BWW Feature: DC ICONS: YA AUTHORS MEET DC SUPERHEROES at San Diego Comic-Con Panel
San Diego Comic-Con was last weekend, and Penguin Random House brought three authors for their DC ICONS: YA AUTHORS MEET DC SUPERHEROES panel. DC Superheroes are getting a reboot--this time as teenage superheroes. The first four books in the line will be written by powerhouse authors already well-known to YA readers, and the first three authors to release their titles were at SDCC.
The first book in the series, WONDER WOMAN: WAR BRINGER by Leigh Bardugo, comes out August 29th, followed by BATMAN: NIGHTWALKER by Marie Lu on January 2, 2018, then the still-to-be-titled/dated SUPERMAN book coming from Matt de la Peña later in 2018. The fourth book in the DC Icons line will be about CATWOMAN and written by #1 New York Times Best Selling Author Sarah J. Maas, also estimated to launch in 2018.
The SDCC panel featured de la Peña, Bardugo, and Lu, and was moderated by Mysterious Galaxy Bookstore owner Maryelizabeth Yturralde.
The authors talked about what thought went into creating their versions of the teenage superheroes as they began developing their personas and discovering their abilities. de la Peña always felt like he was trapped between two worlds growing up, and thought Superman might also feel a little alien in his own skin. Immigration is a hot topic at the moment, and Superman is "the ultimate immigrant." Bardugo was eager to weave some Amazon mythology and Ancient Greek religious beliefs/mythology into Diana's story. Lu wondered what a bored teenage billionaire orphan might do, and even got to create her own villain! She states that she knew Batman, but didn't initially understand Bruce Wayne as a character, so that's where a lot of her focus went.The book is more about Bruce Wayne than it is about Batman, because before he was a hero, Bruce was just a teen with no concept of who he would ultimately become.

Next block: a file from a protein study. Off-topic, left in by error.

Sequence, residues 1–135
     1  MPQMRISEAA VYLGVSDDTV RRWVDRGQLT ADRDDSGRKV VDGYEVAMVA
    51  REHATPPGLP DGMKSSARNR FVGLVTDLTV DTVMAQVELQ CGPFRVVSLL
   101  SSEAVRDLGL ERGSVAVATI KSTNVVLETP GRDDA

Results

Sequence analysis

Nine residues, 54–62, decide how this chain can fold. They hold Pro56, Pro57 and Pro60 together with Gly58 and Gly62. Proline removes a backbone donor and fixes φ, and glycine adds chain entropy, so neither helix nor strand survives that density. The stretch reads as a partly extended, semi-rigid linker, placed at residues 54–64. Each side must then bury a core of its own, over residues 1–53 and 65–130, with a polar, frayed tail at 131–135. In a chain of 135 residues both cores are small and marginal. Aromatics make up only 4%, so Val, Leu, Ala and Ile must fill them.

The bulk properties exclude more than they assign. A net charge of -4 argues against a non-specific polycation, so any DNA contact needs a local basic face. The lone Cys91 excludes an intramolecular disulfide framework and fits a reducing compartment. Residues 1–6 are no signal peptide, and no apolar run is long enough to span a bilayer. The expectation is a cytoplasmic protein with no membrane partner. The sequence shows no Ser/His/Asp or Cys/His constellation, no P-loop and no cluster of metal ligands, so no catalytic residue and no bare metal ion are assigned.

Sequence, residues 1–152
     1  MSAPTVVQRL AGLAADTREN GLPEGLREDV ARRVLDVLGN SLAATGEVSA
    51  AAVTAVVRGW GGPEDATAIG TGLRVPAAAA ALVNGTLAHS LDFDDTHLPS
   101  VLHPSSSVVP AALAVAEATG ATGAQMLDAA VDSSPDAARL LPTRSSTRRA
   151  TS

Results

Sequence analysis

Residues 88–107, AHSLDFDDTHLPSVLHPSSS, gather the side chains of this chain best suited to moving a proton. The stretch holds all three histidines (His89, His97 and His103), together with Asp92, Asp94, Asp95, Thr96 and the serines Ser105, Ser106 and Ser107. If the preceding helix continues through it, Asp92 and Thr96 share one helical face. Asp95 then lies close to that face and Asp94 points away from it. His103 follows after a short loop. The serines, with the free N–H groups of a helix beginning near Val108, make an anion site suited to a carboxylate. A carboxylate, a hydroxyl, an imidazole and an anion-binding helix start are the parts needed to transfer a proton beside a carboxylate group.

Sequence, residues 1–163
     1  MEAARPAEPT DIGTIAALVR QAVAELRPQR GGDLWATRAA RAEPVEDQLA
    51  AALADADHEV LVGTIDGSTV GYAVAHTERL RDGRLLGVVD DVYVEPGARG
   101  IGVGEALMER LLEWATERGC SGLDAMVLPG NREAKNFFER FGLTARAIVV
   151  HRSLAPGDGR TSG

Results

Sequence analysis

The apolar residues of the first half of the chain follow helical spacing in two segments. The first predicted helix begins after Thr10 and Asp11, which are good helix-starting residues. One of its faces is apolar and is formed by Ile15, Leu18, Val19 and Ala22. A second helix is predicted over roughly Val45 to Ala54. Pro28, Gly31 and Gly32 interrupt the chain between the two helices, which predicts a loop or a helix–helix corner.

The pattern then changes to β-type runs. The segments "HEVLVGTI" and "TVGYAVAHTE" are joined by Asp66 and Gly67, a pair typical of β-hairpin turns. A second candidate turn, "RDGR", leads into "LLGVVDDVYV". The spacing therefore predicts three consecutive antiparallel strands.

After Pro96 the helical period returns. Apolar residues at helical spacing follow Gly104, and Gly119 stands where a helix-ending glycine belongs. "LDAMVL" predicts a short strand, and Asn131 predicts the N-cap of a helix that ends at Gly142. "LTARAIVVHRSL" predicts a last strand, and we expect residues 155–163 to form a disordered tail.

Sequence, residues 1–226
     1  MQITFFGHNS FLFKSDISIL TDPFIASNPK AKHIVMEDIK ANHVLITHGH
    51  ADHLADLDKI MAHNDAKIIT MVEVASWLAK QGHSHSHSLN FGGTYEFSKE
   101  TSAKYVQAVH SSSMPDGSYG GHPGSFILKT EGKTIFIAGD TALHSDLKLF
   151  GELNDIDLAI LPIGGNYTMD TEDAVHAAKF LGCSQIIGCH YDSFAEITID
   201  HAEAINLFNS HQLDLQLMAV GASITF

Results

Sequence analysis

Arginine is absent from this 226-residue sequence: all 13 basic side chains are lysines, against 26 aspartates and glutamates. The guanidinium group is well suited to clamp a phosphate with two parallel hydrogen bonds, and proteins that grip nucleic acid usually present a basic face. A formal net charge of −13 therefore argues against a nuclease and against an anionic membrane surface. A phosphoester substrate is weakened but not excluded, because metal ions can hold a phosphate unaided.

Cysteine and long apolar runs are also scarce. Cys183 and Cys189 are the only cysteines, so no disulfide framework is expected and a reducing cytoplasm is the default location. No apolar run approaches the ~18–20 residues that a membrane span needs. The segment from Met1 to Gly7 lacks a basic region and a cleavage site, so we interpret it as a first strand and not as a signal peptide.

Two of my favorite comments from the panel came from Lu. When asked why the authors continue to write YA, she stated,
The books that I read when I was a young adult are the formative books. There are no other books that can enter that special protective place in my heart. They shape who I become as a grown person. So it's an incredible honor for me to write for that age. For people who are finding themselves and trying to understand themselves and figure themselves out in the world. It's a very special and hard and intimidating time. I enjoy writing to that and remembering what it was like to be that age.
Lu also had some great feedback for struggling authors who feel that they'll never get their manuscript the way they want it, proving that even best-selling authors have their doubts:
My first drafts are incredibly rough. I don't really know that it's clicking it's not until i get to towards the end that I really start liking it. Sometimes, I don't really like my book until it's already out on shelves. I never really know when it starts working. Usually it's when the characters start to come to life on their own and have conversations with each other.
During the panel, the authors also discussed what superpowers they would like to have, their love/hate relationships with outlining, other characters they might one day wish to write, and took questions from the audience.
Check out the entire panel now on behalf of Penguin Random House!